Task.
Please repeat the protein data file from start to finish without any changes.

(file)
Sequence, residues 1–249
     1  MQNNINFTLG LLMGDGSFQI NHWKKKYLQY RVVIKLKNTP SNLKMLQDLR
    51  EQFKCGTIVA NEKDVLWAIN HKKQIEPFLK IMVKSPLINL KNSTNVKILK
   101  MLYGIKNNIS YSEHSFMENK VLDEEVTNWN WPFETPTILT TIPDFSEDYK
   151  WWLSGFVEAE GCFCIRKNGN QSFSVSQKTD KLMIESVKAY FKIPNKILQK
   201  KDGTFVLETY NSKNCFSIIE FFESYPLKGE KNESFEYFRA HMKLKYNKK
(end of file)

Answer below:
Sequence, residues 1–249
     1  MQNNINFTLG LLMGDGSFQI NHWKKKYLQY RVVIKLKNTP SNLKMLQDLR
    51  EQFKCGTIVA NEKDVLWAIN HKKQIEPFLK IMVKSPLINL KNSTNVKILK
   101  MLYGIKNNIS YSEHSFMENK VLDEEVTNWN WPFETPTILT TIPDFSEDYK
   151  WWLSGFVEAE GCFCIRKNGN QSFSVSQKTD KLMIESVKAY FKIPNKILQK
   201  KDGTFVLETY NSKNCFSIIE FFESYPLKGE KNESFEYFRA HMKLKYNKK